• How would Albany increasing in size to a major metroplis impact on the sustainability of anywhere else other than the great Southern region of W.A?

          Inhabitation when there is no premium due to speculation pays for itself.

          That said, please don’t place me as a supporter of Tribugoff. I think his activity is despicable.

          His headstone should read;

          “Here lies Harry, he dumped his crap all over Sydney, it will take centuries to repair the damage.”

          • I’ll have to disagree that is would on water alone, but in the future maybe if tech progresses beyond desal. I’m no expert, but I’ve worked all over the world, and my experience is that more is not better. There are huge consequences for expanding just to keep the debt based economy going.

          • I’m not trumping up bigger for the sake of bigger, I’m rather indifferent to be honest.

            I think its harmful however to have, what I percieve to be anyway, inaccurate views being put forward as gospel.

            I think ‘Australian carrying capacity is 23 million’ is one such view.

            Now I believe we have plenty of potential to harvest water, especially in the tropics.

            Now ‘keep the debt based economy going’.

            There are many things in life that can not be built from foregone consumption.

            Who can save $8 billion from their surplus to build a dam for example?

            Things clearly are paid with debt with the promise to be paid from future earnings, especially if said development increases productive capacity.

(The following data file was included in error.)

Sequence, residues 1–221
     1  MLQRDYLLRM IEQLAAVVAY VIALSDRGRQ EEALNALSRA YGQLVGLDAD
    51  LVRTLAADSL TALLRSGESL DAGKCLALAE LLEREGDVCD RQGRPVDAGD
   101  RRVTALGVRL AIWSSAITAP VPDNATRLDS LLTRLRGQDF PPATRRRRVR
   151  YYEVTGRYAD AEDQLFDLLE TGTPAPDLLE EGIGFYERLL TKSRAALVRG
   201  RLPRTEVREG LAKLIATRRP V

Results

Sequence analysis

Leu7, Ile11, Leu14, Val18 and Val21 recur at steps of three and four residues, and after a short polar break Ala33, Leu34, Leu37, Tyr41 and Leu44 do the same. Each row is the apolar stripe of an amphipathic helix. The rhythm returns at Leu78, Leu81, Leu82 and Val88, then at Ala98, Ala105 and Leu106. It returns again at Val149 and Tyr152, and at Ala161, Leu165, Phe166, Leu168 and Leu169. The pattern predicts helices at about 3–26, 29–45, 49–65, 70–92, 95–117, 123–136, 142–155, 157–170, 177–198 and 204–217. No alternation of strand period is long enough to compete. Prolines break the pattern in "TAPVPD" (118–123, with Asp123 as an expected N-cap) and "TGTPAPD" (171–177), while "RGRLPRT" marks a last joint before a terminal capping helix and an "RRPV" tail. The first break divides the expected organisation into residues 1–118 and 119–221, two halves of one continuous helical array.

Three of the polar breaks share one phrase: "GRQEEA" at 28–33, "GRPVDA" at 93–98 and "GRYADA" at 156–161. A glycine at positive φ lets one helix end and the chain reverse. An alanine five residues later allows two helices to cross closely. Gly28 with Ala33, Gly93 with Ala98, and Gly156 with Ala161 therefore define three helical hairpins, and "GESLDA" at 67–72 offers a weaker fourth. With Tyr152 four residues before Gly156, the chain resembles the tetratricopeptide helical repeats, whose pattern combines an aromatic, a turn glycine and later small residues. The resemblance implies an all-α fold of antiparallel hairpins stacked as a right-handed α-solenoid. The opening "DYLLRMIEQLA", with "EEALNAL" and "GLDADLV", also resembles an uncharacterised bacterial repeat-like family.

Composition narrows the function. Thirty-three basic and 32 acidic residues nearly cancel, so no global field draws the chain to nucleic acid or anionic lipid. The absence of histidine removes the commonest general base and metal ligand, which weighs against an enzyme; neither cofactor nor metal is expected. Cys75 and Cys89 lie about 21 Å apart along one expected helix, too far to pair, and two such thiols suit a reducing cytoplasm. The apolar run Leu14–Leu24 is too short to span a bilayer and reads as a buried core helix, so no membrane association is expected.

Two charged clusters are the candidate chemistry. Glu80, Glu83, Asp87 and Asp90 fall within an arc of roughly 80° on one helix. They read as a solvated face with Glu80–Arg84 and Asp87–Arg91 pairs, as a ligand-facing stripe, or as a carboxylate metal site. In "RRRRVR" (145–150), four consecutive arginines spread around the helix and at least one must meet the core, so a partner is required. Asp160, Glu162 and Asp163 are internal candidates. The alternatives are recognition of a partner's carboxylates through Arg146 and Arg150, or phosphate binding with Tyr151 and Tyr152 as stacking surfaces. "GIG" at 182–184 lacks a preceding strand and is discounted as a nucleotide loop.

I agree to disband the notion of paying for for houses, but a higher population paying 3 times wages for their houses, if they are new to the country, I do not see a problem with.

          • Fair enough Rusty. Again, I’m no expert, but my fear is that politicians and bureaucrats will grab this, screw it up, and future generations will suffer the consequences. Hopefully, good, but I have no faith in any of our leaders.

            Cheers

  9. Great post Leith this says everything I have thought for a long time on both Harry and the population debate.

    The interesting part is that business and politics never dare touch this side of the debate.

    Again, this is part of why the Greens are making inroads.

  10. Second, Australia earns its way in the world mainly by selling its fixed mineral resources. More people means less resources per capita. A growing population also means that we must deplete our mineral resources faster, just to maintain a constant standard of living. This doesn’t sound like a smart approach to me.